Hundreds queue to sign Gay Byrne book of condolences in Dublin

Hundreds queue to sign Gay Byrne book of condolences in Dublin
People arrive to sign the book of condolence for Gay Byrne at The Mansion House, Dawson St. Dublin this morning. Photo: Gareth Chaney/ Collins Photos

Update 1pm: Hundreds of people queued up to sign the book of condolence for Gay Byrne at the Mansion House in Dublin this morning.

The broadcasting legend passed away yesterday age 85 after a long illness.

Gay Byrne hosted the Late Late Show for 37 years.

Millions also tuned in to the 'The Gay Byrne Show' which ran on RTÉ Radio 1 for 25 years.

At the end of 2016, he announced that he had been diagnosed with cancer.

A book of condolence opened at the Mansion House in Dublin this morning.

RTE Radio host Joe Duffy signed the book of condolence for Gay Byrne at the Mansion House in Dublin this morning. Photo: Gareth Chaney/ Collins Photos
RTE Radio host Joe Duffy signed the book of condolence for Gay Byrne at the Mansion House in Dublin this morning. Photo: Gareth Chaney/ Collins Photos

His friend and colleague Joe Duffy was also there this morning.

"There's one for everyone in the audience here today and there's one signature from every person here and one greeting. Gay would have chuckled," he said.

No funeral details have been announced yet.

Gay Byrne is survived by his wife Kathleen and daughters Suzy and Crona.

Earlier: Book of condolence to open for Gay Byrne in Dublin this morning

Hundreds queue to sign Gay Byrne book of condolences in Dublin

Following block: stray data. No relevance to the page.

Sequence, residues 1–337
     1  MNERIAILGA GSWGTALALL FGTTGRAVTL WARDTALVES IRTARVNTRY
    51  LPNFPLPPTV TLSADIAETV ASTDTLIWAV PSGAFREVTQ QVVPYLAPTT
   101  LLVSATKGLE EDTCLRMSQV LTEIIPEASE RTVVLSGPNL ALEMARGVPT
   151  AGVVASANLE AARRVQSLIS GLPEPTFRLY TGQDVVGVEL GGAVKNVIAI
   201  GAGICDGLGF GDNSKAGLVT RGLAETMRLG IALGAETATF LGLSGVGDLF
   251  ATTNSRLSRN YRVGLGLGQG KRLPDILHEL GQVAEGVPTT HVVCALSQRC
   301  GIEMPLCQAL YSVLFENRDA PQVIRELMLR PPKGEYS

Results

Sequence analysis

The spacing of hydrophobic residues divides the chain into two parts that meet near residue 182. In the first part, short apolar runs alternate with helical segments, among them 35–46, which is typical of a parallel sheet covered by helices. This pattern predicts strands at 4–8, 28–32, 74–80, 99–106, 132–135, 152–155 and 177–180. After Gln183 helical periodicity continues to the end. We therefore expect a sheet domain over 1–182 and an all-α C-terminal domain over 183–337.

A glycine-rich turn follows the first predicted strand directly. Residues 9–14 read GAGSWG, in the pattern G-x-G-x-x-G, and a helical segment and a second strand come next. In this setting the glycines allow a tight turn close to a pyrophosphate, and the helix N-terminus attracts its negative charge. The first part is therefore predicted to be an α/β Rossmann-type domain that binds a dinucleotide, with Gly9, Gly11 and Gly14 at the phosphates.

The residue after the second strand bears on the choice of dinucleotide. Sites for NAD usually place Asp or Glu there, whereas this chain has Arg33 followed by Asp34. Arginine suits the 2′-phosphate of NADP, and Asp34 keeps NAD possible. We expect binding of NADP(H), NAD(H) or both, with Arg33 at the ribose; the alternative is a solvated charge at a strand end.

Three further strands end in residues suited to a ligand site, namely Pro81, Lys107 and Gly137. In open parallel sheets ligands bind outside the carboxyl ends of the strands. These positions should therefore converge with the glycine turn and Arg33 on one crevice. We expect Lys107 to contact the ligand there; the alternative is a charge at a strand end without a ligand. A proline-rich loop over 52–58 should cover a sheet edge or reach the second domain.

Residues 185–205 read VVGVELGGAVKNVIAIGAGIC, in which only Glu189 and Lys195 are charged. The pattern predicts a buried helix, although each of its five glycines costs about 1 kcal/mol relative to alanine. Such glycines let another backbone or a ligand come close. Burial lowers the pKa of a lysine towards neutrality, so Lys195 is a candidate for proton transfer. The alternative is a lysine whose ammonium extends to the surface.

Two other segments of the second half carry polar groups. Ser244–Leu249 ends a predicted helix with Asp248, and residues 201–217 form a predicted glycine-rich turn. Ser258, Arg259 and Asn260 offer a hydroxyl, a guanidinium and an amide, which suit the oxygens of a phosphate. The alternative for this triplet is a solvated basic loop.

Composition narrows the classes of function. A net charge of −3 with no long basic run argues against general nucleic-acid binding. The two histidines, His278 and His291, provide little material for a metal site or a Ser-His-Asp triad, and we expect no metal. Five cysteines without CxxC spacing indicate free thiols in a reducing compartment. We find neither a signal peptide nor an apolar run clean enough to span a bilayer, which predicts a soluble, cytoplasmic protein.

Update 7.08am: A book of condolence will open for Gay Byrne in Dublin's Mansion House this morning.

The legendary broadcaster passed away at the age of 85 following a long illness.

The public will be given the chance to pay their respects from 11am to 5pm and tomorrow between 10am and 5pm.

President Michael D Higgins led the tributes describing Mr Byrne as a man of great charisma, who was possessed of effortless wit, charm, and who had a flair for broadcasting.

Colleagues, journalists and entertainers from home and abroad shared their thoughts on a media legend.

Mr Byrne's successors on the Late Late Show have reflected on their relationships with the broadcasting icon, and recalled the advice he dispensed to them throughout their career.

Pat Kenny, who took over from Mr Byrne as Late Late Show host in 1999, said he visited him a day before he died “when it was quite apparent that there weren't too many days or hours left”.

“But a few weeks ago myself and Harry Crosbie had lunch with him. He was in great form, and had his usual whiskey and enjoyed lunch, a great appetite.

"So I had hoped that he would overcome the current bout of illness, but alas, it wasn't to be,” Mr Kenny told RTÉ Radio 1’s Drivetime.

Current host, Ryan Tubridy, said on social media that the nation "lost an icon and I lost a friend. He was a once-off and everyone will miss the inimitable Gay Byrne."

Among them was Stephen Fry, whose response when Gay Byrne asked him what he would say if he were to come face-to-face with god went viral.

Speaking to Drivetime on RTÉ yesterday, Mr Fry said that it was an honour and a pleasure to have been interviewed by him both on the Late Late Show and on The Meaning of Life with Gay Byrne.

Taoiseach Leo Varadkar, in his tribute, said Gay Byrne was the most influential broadcaster in the history of the State, a much-loved figure who changed Ireland for the better in so many ways.

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